In the modern videogame industry, games are almost always created in Japan. Although most games are brought over to America and the other regions of the world, there are always a significant percentage of videogames that never make it out. Frequently, the only option for non-Japanese gamers has been to either buy a Japanese system or modify their American one, and then pay for imports that are largely incomprehensible to those who dont know Japanese.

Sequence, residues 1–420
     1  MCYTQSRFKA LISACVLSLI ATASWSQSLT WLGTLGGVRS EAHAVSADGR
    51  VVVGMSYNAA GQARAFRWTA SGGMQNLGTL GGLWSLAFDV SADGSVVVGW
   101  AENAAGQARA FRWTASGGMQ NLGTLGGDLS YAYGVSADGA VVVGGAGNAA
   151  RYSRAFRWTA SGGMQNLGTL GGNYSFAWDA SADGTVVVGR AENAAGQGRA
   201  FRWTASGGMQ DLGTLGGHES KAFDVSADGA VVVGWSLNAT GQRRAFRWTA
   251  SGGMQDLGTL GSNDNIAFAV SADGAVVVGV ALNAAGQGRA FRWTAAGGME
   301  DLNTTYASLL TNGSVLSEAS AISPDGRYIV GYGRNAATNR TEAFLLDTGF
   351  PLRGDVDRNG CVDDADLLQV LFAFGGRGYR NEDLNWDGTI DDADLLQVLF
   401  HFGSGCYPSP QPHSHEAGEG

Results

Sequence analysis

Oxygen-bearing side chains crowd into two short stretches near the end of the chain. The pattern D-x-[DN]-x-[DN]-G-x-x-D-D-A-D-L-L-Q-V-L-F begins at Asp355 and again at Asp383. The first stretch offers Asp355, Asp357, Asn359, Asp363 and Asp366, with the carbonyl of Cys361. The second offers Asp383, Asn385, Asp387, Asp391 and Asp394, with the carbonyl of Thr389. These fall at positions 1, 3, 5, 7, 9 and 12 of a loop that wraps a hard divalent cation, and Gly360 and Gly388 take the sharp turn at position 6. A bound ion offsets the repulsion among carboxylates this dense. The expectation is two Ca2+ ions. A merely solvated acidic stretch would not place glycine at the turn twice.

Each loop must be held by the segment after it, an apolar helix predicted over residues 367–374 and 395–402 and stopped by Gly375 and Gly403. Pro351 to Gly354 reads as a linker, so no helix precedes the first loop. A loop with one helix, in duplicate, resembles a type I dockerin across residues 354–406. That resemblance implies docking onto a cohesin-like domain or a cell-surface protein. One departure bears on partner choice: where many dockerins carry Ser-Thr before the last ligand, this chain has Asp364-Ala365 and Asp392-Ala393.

Working Designs has built a reputation as a company who rescues games that never make it over. The theory is that WD will find hidden gems, give them an excellent translation and then release the games in America, complete with extra goodies. Their latest effort is the Arc The Lad Collection, a compilation of 4 Arc games as well as some pretty juicy extras, including a Making of disc and the usual assortment of collectible items that you get in a Working Designs game. In this case, you get an Arc The Lad memory card holder, four Arc The Lad analog stick covers, a collection of cardboard standees for every character you can control in the game (thats a lot, folks) and if you pre-ordered, an Arc The Lad pocket watch. Also worth noting is the manual. Unlike most videogame manuals, this one is a delight to read. Well laid-out, printed on glossy color pages and hardbound, the manual might be the single most impressive item in the boxed set.